or you are on +1 maintenance on next week - consider having a look :-)


# Iperf / Openvswitch

I looked into iperf being blocked by openvswitch tests as it rang some bells.
And indeed new bug 1936796 is the return of bug 1919432 which was also coming
up in +1 duty back then.
https://lists.ubuntu.com/archives/ubuntu-devel/2021-March/041419.html
Since nothing has changed since last time I went ahead and fixed mininet
in Impish via https://bugs.launchpad.net/ubuntu/+source/mininet/+bug/1936796

I also pinged upstream mininet about this still being a problem and that the
suggested patch helps at least all our cases.

After I got a review by James Pagewho dealt with mininet before I uploaded
a fix of mininet to impish. Sadly upstream didn#t reply yet, but that solves
our imminent issue.

After the new mininet was built I triggered the tests together and
everything related did migrate.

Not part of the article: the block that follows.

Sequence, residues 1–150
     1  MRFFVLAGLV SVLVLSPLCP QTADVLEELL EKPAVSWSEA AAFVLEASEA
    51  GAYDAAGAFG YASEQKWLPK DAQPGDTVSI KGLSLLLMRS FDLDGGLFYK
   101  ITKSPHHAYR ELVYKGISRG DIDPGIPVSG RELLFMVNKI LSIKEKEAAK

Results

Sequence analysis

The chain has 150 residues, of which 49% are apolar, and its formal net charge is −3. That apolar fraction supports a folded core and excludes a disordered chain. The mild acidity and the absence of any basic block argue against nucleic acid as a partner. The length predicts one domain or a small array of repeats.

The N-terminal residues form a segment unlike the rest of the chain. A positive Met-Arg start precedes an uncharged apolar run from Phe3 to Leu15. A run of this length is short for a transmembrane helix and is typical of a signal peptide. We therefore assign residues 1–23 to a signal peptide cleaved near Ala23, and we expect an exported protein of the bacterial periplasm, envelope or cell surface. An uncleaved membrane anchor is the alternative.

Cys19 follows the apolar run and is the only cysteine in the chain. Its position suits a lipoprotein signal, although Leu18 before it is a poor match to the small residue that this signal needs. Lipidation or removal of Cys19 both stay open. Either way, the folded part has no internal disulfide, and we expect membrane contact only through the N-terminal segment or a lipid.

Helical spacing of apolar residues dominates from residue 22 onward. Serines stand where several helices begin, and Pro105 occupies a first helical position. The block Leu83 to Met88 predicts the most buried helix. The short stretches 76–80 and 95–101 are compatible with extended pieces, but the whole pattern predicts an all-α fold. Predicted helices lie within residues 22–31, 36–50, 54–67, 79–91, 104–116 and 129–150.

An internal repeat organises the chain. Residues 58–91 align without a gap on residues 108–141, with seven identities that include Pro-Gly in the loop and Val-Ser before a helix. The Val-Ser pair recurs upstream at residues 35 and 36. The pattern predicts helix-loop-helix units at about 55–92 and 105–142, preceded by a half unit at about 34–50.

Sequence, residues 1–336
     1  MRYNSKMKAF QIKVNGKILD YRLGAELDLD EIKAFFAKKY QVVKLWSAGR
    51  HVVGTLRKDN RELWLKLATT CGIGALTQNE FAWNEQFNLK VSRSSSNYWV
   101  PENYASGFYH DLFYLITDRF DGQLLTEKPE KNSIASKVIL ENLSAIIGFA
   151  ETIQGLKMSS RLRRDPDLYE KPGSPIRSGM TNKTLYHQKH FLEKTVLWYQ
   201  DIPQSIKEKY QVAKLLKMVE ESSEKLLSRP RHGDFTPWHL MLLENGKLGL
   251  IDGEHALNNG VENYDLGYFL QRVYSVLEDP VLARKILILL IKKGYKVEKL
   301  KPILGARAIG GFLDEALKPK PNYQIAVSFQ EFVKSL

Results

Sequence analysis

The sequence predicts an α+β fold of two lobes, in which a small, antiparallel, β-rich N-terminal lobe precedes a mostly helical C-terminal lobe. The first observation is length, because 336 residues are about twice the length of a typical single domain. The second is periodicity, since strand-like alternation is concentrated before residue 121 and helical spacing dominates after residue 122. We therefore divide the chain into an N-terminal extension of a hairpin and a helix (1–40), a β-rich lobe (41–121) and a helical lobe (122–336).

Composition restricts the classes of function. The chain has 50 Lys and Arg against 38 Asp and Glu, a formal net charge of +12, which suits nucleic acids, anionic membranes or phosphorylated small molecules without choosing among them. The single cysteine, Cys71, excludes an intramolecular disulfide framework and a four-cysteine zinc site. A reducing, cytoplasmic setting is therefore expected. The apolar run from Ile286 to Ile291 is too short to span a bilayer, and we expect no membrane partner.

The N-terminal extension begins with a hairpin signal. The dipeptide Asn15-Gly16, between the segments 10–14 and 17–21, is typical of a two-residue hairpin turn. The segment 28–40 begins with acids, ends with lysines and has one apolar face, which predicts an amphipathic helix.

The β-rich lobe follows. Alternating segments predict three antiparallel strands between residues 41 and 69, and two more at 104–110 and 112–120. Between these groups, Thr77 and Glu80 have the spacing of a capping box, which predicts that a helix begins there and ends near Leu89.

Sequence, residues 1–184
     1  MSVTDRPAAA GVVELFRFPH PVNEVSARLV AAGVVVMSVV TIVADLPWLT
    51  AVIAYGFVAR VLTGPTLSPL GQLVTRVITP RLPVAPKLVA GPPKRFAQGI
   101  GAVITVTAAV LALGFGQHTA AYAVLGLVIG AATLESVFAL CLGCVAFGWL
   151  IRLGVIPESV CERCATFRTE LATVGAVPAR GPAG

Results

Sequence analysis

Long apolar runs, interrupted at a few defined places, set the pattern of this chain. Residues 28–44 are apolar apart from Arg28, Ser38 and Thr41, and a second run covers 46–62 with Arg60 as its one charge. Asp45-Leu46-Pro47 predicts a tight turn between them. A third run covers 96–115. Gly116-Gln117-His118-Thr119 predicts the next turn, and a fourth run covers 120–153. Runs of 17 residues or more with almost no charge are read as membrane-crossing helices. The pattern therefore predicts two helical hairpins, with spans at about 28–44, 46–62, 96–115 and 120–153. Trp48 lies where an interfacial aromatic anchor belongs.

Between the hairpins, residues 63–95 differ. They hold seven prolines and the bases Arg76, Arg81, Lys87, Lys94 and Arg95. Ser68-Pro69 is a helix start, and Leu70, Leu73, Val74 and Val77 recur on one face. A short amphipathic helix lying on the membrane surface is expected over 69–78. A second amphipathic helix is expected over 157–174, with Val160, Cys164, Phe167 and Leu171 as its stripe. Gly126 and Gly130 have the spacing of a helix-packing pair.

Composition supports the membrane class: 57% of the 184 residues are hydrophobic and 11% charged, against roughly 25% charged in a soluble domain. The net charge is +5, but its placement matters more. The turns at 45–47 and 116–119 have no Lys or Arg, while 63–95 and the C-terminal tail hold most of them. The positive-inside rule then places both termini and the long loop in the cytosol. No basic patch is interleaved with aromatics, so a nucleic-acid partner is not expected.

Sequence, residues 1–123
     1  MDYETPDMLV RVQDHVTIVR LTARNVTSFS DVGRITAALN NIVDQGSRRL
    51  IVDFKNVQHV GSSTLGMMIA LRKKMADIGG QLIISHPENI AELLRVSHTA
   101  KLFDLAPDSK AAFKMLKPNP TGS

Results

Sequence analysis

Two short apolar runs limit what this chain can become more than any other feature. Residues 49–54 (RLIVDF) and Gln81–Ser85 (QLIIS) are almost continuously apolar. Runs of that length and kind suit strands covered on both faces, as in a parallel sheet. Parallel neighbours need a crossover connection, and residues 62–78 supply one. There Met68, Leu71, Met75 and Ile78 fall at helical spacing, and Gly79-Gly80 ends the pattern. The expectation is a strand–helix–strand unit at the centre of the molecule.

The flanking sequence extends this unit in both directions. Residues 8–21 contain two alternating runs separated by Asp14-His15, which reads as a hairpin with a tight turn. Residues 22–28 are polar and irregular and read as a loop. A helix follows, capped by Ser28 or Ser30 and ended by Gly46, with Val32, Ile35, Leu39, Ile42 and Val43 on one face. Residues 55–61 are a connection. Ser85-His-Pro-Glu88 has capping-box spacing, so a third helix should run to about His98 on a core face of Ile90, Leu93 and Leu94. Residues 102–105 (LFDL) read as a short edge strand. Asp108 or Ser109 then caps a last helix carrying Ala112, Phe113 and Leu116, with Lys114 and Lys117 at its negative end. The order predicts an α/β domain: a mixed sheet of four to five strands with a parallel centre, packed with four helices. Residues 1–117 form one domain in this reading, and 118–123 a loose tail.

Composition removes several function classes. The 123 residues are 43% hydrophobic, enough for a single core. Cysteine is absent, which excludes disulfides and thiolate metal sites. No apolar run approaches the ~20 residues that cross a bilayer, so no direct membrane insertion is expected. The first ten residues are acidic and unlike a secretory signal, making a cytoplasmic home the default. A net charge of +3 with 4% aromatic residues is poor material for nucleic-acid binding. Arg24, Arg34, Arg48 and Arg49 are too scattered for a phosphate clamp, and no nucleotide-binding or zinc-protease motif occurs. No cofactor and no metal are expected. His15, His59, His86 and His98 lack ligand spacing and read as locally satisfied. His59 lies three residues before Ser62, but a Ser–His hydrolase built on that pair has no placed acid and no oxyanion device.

# xtensor

This is a autopkgtest fail that blocks src:xtensor and src:xtensor-blas.
The test fails on all architectures.
- s390x / arm64 / i386 fail on bad-package.
xtensor-dev became a transitional and is available on all arch.
But the actual dependency libxtensor-dev only exists on a few
libxtensor-dev | 0.22.0-5 | impish-proposed | amd64, armhf, ppc64el, riscv64
That explains the badpkg s390x issue, and I guess we can just reset it
instead of spending too much time fixing the package.
- also amd64 / ppc64 fail one of the tests by a build error.
The last good test was more than two years ago.
https://autopkgtest.ubuntu.com/packages/x/xtensor/impish/amd64
In debici this passes on amd64/arm64/armel/armhf/ppc64 but fails i386/s390x.
https://ci.debian.net/packages/x/xtensor/
And they are not all-skips.
The problem is reproducible locally and an OOM.

I filed https://bugs.launchpad.net/ubuntu/+source/xtensor/+bug/1936820
to track the various MPs to guide the testing into a better state.
It has 3 test-resets, 2 marked as big_package and one Debian MR to reduce
concurrency.

After all the changes were present tests worked as planned (now succeeding
on the architectures they can work on and ignored on the others). Thereby
xtensor and xtensor-blas migrated to impish-release.


# gegl

As usual, first of all file a launchpad update-excuse bug to avoid others
looking into the same case.